« Reply #8 on: February 27, 2008, 10:58:20 10:58 »

sorry!
i've sold my icd2 clone & recently busy in work.  Embarrassed
maybe u can do it by yourself.
Logged
LazBoy
Active Member
***
 Muted
Offline Offline

Posts: 154

Thank You
-Given: 72
-Receive: 25


« Reply #9 on: February 28, 2008, 11:06:37 11:06 »

12F629 has KeeLoq Cryptographic function,
if remote system using it, you need extra knowledge and license,
KeeLoq remote control system is special case,
otherwise no problem, somebody manage to do same project for you,

Logged
fichamba
Newbie
*
Offline Offline

Posts: 34

Thank You
-Given: 143
-Receive: 15


« Reply #10 on: February 29, 2008, 11:26:40 11:26 »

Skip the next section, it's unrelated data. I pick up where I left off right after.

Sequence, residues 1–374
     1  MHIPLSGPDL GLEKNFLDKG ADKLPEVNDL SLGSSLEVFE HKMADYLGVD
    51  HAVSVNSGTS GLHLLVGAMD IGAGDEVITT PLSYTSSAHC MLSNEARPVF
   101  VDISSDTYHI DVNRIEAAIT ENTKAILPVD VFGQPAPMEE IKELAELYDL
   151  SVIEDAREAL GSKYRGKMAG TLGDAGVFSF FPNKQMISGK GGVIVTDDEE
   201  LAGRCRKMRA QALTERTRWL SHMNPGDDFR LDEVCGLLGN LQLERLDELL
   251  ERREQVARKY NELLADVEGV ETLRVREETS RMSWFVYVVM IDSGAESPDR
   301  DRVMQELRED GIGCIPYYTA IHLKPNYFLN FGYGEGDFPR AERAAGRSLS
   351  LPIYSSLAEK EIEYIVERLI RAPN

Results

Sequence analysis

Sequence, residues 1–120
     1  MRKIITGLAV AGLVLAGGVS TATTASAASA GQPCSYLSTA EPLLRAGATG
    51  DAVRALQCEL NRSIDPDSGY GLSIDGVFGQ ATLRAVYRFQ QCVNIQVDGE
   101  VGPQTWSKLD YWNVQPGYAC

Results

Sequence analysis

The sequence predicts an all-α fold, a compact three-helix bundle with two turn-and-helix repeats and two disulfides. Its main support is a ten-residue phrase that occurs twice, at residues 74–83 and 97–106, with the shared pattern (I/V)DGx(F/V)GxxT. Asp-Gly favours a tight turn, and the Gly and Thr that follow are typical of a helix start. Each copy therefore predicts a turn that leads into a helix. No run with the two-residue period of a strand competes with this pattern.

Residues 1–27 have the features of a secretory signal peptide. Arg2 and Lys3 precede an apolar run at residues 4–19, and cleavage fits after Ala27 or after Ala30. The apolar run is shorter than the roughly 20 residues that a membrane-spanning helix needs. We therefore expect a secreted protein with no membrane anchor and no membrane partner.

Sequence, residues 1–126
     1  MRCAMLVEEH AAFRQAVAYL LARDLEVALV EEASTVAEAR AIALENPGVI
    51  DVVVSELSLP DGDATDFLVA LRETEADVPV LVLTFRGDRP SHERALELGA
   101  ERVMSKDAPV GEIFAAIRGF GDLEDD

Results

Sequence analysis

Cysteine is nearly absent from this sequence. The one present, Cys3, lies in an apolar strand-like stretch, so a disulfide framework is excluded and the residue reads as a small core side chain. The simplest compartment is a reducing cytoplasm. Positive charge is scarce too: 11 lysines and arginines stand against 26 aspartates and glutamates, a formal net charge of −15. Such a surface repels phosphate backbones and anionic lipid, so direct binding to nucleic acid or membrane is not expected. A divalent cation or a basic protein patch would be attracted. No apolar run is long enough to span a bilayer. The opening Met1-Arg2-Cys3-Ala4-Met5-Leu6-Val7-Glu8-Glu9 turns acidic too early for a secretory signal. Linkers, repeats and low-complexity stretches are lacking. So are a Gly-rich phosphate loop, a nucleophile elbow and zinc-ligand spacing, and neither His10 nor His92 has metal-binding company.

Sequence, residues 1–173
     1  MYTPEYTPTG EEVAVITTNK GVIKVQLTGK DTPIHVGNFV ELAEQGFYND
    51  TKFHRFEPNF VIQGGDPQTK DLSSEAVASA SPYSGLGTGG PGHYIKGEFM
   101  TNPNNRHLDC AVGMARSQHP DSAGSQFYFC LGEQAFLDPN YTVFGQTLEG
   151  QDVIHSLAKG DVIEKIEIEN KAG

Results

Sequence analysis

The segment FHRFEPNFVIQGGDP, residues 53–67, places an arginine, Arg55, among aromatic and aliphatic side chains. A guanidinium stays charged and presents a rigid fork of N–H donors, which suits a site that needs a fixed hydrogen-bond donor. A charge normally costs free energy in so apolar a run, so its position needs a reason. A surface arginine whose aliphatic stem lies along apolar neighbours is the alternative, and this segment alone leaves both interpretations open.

Hi LazBoy,

indeed, it has a method (which, btw, I don't know if it's Keeloq or any other algorithm). Let me explain you: to make transmitter-receiver link, you must put transmitter in a "special" state in which it transmits to the receiver the random generated code in order to link each other. The manufacturer (Velleman), claims that it has more than 1000.000.000 combinations. You can also reset both units to a "factory default" code, but anytime you put it into "vinculation" mode, it will generate this random code and they'll stay in sync with the same code.

Moreover, they say that a receiver is capable of supporting up to 5 or 10 remotes (sorry, I can't remember it exactly now).

The Vellemans are: K8057 (reveiver), and K8059 (transmitter).

You will obtain more on this in:

Quote

and you can search for the K8057 & K8059 in the search field, to reach them the easy way.